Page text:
I feel like Stanley at the end of the pretzel day episode (“Initiation”) of The Office. 313 days until the next episode of Breaking Bad, assuming they start at the same time next year that they did this year. Three hundred and thirteen days. A lot can happen in that time.
I am planning on going back, starting with the pilot and posting about all the previous episodes, doing one each Sunday until it’s back on. 44 Sundays and 46 episodes, so there will have to be a tiny bit of doubling up, but I want to keep the BrBa love alive and really dig into the series while waiting for it to come back next year.
So, this week’s episode. Holy shit. HANK KNOWS. And it happened through Walt Whitman’s Leaves of Grass. How freaking cool is that? It’s cool that a book of poetry was Walt’s undoing. It’s also poetry that is just so different than Walt’s Heisenberg persona. I haven’t read all of Leaves of Grass, but “Song of Myself,” which takes up a large part of LoG is just so, so flowy, free associative, full of fragments and so freakin’ right-brained it’s not even funny. I liked that Gale got a little bit of revenge from beyond the grave.
So, I think the first order of business is to clarify that whole situation because I know not everyone watches this show as obsessively as I do, and I’ve been reading that some are a little confused about how Hank connected the dots.
When Walt first starts working with Gale in Gus’s superlab back in Season 3–I believe in episode 306, “Sunset”–Gale talks about the magic of the lab. He goes on to recite his favorite poem, Walt Whitman’s “When I Heard the Learn’d Astronomer,” to which Walt replies that he will have to check out Whitman. This was a wild moment for me, because that poem has woven itself in and out of my life in strange ways and I may have to say more about that when I get to 306 during the year.
The next episode shows Walt reading Leaves of Grass. We never see Gale give Walt the book (in fact I thought Walt had gone out and bought it) but seeing as how eager Gale was to please Walt–remember that the second day they work together, Gale shows up dressed like Walt–I could totally see Gale giving him the book. Gale had a major mancrush chemistry idolization of Walt.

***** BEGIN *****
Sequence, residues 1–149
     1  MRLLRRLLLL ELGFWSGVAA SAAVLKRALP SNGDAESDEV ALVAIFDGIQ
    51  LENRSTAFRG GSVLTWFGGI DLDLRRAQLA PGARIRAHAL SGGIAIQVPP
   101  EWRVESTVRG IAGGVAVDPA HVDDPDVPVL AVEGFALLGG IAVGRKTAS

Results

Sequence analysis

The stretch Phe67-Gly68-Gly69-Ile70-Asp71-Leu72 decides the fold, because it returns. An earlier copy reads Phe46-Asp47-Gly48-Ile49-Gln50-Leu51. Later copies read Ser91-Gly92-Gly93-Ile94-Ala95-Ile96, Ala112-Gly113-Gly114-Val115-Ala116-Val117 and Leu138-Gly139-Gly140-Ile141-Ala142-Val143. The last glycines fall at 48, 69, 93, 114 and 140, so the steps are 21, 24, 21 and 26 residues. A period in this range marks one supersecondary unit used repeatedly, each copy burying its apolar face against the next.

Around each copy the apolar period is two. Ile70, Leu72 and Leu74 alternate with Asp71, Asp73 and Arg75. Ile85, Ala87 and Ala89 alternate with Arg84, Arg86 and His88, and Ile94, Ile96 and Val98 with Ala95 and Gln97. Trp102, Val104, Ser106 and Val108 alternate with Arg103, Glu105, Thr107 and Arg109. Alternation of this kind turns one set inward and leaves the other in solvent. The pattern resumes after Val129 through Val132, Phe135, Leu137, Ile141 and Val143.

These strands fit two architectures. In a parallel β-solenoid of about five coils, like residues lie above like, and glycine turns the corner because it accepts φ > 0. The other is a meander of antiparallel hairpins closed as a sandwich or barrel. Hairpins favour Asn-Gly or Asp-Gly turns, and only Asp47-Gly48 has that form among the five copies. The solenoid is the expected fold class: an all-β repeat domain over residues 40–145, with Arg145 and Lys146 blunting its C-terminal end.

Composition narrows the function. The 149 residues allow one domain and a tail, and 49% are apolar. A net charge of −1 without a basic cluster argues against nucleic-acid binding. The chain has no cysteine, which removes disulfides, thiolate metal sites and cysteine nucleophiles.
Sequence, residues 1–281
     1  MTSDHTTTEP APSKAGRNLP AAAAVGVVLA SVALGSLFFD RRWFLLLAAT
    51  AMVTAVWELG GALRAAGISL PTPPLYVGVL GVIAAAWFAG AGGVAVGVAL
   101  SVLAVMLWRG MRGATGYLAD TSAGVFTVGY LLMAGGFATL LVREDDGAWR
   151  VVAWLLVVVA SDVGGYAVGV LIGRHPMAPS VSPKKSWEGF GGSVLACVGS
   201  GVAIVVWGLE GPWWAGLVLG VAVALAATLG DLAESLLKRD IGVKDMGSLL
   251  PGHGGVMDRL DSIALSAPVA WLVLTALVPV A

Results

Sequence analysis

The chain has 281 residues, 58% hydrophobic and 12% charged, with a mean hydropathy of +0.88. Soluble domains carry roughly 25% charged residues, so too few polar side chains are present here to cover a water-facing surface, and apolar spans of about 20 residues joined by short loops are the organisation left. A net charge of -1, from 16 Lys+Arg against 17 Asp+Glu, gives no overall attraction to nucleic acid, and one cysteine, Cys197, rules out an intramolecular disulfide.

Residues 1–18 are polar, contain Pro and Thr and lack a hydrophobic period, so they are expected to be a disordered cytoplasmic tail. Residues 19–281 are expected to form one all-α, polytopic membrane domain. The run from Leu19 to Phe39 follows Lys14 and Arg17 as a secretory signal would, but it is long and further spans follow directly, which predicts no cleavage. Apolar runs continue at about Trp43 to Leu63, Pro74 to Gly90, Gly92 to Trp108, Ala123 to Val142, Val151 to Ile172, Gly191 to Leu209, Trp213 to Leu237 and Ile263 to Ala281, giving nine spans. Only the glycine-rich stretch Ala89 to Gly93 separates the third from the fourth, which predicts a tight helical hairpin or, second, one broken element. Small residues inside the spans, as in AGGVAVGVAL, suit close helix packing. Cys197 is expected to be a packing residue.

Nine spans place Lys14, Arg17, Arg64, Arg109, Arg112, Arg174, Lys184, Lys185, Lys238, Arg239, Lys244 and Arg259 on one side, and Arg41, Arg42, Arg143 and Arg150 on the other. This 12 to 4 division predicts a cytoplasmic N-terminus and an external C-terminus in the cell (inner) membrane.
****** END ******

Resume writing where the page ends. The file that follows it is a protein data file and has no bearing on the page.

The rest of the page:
As a side note for how Walt Whitman plays into Breaking Bad, in “Half-Measure” when Walt is watching Jeopardy! before finding out about the rival drug dealers murdering Tomas and going out to rescue Jesse and murder the rival drug dealers himself, the question on Jeopardy! is about Whitman.
So then, Jesse shoots Gale on Walt’s orders, and while investigating the murder scene, the police come across Gale’s “Lab Notes,” which APD officer Tim gives to Hank to look over when Hank is all depressed and injured. In episode 404, “Bullet Points,” Hank asks Walt to look at Gale’s “Lab Notes.” He wants Walt’s chemistry expertise to confirm that what Gale has in there (along with random lists and recipes for vegan s’mores) is in fact lab design and organic syntheses for methamphetamine. Walt says that it is.
While looking at the “Lab Notes,” Hank remarks about the inscription, “To W.W., my star, my perfect silence.” Hank asks Walt who that might be–Woodrow Wilson, Willy Wonka, Walter White? Walt does that little laugh and says “You got me,” and puts his hands up. After that, Walt finds “When I Heard the Learn’d Astronomer” in Gale’s notebook, pointing out that the W.W. Gale’s lab book was dedicated to must be Walt Whitman.